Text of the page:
Carbohydrates are one of the three macronutrients in the human diet, along with protein and fat. These molecules contain carbon, hydrogen, and oxygen atoms. Carbohydrates play an important role in the human body. They act as an energy source, help control blood glucose and insulin metabolism, participate in cholesterol and triglyceride metabolism, and help with fermentation. The digestive tract begins to break down carbohydrates into glucose, which is used for energy, upon consumption. Any extra glucose in the bloodstream is stored in the liver and muscle tissue until further energy is needed. Carbohydrates is an umbrella term that encompasses sugar, fruits, vegetables, fibers, and legumes. While there are numerous divisions of carbohydrates, the human diet benefits mostly from a certain subset.[rx][rx][rx]
Monosaccharide: The most basic, fundamental unit of a carbohydrate. These are simple sugars with the general chemical structure of C6H12O6.
Examples: glucose, galactose, fructose
Disaccharide: Compound sugars containing two monosaccharides with the elimination of a water molecule with the general chemical structure C12H22O11
Examples: sucrose, lactose
Oligosaccharide: The polymer contains three to ten monosaccharides
Examples: maltodextrins, raffinose
Polysaccharides: Polymers containing long chains of monosaccharides connected through glycosidic bonds
Examples: amylose, cellulose
Simple Carbohydrates: One or two sugars (monosaccharides or disaccharides) combined in a simple chemical structure. These easily are utilized for energy, causing a rapid rise in blood sugar and insulin secretion from the pancreas.
Examples: fructose, lactose, maltose, sucrose, glucose, galactose, ribose
Foods: candy, carbonated beverages, corn syrup, fruit juice, honey, table sugar
Complex Carbohydrates: Three or more sugars (oligosaccharides or polysaccharides) bonded together in a more complex chemical structure. These take longer to digest and therefore have a more gradual effect on the increase in blood sugar.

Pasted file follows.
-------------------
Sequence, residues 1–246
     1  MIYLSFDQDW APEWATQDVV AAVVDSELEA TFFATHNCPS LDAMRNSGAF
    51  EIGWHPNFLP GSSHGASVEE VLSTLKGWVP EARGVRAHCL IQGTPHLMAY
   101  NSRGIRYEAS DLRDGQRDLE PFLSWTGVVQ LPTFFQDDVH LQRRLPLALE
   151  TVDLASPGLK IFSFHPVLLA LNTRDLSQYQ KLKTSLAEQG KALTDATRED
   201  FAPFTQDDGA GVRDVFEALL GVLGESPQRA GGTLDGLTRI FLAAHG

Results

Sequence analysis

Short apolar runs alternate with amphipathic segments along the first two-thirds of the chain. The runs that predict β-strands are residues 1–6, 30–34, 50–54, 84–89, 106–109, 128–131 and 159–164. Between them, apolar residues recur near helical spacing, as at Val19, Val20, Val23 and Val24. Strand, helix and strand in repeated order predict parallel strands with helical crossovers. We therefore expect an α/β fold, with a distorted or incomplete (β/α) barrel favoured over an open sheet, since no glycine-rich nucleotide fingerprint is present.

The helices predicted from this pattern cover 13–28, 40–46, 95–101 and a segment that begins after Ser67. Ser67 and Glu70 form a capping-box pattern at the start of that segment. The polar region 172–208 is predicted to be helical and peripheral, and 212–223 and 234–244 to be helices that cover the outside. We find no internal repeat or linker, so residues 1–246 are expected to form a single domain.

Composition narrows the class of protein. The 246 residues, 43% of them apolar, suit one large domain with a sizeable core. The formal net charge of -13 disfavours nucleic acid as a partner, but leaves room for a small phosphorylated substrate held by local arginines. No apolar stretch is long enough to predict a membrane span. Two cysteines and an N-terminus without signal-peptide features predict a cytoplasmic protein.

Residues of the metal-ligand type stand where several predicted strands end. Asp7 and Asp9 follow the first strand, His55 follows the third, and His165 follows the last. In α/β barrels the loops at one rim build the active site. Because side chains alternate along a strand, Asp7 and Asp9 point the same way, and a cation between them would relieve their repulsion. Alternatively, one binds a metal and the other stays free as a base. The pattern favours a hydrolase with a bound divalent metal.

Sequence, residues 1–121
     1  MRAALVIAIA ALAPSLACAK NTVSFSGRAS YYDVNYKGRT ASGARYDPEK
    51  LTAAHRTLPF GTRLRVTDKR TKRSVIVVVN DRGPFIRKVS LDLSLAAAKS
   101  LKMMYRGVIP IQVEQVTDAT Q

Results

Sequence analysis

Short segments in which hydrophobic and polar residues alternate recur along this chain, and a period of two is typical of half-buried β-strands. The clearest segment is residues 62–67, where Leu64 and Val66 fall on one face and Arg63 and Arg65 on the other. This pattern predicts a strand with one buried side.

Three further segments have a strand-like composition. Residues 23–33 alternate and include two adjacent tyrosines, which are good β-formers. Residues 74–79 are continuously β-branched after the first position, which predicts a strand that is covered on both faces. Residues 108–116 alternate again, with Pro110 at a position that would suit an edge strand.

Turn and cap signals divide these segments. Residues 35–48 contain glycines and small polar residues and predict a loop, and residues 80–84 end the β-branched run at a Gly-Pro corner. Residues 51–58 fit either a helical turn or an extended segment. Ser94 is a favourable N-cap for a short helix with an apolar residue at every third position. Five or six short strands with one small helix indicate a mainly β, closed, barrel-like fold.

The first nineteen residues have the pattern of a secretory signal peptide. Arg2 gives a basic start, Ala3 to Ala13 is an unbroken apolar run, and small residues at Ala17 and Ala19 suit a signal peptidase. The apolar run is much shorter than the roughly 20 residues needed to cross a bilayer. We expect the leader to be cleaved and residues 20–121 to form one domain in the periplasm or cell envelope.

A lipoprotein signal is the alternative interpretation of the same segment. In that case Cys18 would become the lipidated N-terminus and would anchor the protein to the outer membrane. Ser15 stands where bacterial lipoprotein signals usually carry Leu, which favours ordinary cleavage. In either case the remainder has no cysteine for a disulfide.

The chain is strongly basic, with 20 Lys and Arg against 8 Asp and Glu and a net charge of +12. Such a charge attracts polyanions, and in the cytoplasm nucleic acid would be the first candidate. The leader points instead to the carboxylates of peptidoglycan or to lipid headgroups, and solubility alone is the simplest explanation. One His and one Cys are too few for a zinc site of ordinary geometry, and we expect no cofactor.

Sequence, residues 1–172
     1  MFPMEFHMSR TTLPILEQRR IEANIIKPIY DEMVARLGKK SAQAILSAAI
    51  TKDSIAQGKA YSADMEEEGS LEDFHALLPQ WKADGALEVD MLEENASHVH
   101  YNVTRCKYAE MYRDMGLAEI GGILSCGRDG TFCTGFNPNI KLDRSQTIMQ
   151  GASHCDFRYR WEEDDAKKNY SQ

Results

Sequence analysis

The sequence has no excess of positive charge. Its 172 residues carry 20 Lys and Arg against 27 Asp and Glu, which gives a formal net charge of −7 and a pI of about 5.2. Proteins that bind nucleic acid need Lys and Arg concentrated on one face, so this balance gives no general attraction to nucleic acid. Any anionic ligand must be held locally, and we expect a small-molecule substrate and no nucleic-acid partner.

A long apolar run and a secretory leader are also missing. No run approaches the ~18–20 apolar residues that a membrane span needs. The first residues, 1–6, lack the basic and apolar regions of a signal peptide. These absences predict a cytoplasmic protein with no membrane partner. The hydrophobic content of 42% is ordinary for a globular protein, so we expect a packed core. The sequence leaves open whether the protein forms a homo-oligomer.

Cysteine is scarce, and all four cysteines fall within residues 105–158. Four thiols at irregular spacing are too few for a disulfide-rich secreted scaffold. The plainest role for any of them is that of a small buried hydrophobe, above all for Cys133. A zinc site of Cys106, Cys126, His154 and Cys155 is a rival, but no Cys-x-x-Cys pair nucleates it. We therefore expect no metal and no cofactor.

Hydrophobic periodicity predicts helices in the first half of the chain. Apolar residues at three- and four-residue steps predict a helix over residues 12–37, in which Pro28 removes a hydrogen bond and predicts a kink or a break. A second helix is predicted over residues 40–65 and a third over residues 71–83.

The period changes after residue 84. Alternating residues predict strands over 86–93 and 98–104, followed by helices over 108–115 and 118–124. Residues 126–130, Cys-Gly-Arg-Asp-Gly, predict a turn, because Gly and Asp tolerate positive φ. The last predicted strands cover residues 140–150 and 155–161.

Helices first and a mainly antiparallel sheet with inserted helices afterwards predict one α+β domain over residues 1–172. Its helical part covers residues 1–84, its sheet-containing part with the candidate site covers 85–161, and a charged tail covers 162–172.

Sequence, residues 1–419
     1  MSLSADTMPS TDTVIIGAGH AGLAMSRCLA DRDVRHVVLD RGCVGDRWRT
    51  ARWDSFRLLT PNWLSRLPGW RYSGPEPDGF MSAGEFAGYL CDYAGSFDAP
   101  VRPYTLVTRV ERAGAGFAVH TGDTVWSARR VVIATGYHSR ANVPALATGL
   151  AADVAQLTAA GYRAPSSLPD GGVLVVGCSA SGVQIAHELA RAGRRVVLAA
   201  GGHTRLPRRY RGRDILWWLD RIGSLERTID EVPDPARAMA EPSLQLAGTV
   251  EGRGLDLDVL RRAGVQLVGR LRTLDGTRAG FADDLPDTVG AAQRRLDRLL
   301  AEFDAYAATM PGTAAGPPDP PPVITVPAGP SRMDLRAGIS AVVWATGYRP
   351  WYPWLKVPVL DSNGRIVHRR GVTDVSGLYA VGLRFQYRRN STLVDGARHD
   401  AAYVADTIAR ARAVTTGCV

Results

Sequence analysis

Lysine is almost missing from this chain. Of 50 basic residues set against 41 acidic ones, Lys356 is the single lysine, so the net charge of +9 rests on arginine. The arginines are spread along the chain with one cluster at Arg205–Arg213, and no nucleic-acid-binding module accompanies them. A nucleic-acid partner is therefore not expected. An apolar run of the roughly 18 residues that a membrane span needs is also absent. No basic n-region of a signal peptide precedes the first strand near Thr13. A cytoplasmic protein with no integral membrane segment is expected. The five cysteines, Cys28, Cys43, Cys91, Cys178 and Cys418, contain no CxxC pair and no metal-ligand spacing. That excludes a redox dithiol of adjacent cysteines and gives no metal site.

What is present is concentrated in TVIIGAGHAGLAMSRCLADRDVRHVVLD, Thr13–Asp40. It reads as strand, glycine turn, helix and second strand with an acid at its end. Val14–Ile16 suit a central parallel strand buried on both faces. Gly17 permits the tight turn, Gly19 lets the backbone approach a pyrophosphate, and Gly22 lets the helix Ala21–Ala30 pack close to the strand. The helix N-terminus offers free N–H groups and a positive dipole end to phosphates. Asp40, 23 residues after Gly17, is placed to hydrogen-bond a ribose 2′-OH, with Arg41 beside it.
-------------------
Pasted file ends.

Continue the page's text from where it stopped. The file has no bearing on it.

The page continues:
Examples: cellobiose, rutinulose, amylose, cellulose, dextrin
Foods: apples, broccoli, lentils, spinach, unrefined whole grains, brown rice
Starches: Complex carbohydrates contain a large number of glucose molecules. Plants produce these polysaccharides.
Examples include potatoes, chickpeas, pasta, and wheat.
Fiber: Non-digestible complex carbohydrates that encourage healthy bacterial growth in the colon and act as a bulking agent, easing defecation. The main components include cellulose, hemicellulose, and pectin.
- Insoluble: Absorbs water in the intestines, thereby softening and bulking the stool. Benefits include regularity of bowel movements and a decreased risk of diverticulosis. Examples: brans, seeds, vegetables, brown rice, potato skins.
Soluble: Helps decrease blood cholesterol and LDL levels, reduces straining with defecation, and blunts postprandial blood glucose levels. Examples are fleshy fruit, oats, broccoli, and dried beans
There are three macronutrients—carbohydrates (4 kcal/gm), fat (9 kcal/gm), and protein (4 kcal/gm) found in food. Therefore, studies have defined low carbohydrate as a percent of daily macronutrient intake or total daily carbohydrate load. We will define it here as:
Very low-carbohydrate (< 10% carbohydrates) or 20-50 gm/day
Low-carbohydrate (<26% carbohydrates) or less than < 130 gm/day
High-carbohydrate (45% or greater)
For reference, the Institute of Medicine proposes Americans obtain 45%-65% of calories from carbohydrates. This article will review the evidence and effectiveness of low-carb approaches in clinical medicine.
Carbohydrates are essential macromolecules that are classified into three subtypes: monosaccharides, disaccharides, and polysaccharides.
Monosaccharides are simple sugars made up of three to seven carbons, and they can exist as a linear chain or as ring-shaped molecules.
Glucose, galactose, and fructose are monosaccharide isomers, which means they all have the same chemical formula but differ structurally and chemically.
Disaccharides form when two monosaccharides undergo a dehydration reaction (a condensation reaction); they are held together by a covalent bond.
Sucrose (table sugar) is the most common disaccharide, which is composed of the monomers glucose and fructose.
A polysaccharide is a long chain of monosaccharides linked by glycosidic bonds; the chain may be branched or unbranched and can contain many types of monosaccharides.
- isomer: Any of two or more compounds with the same molecular formula but with different structure.
- dehydration reaction: A chemical reaction in which two molecules are covalently linked in a reaction that generates H2O as a second product.
- biopolymer: Any macromolecule of a living organism that is formed from the polymerization of smaller entities; a polymer that occurs in a living organism or results from life.
Carbohydrates can be represented by the stoichiometric formula (CH2O)n, where n is the number of carbons in the molecule. Therefore, the ratio of carbon to hydrogen to oxygen is 1:2:1 in carbohydrate molecules. The origin of the term “carbohydrate” is based on its components: carbon (“carbo”) and water (“hydrate”). Carbohydrates are classified into three subtypes: monosaccharides, disaccharides, and polysaccharides.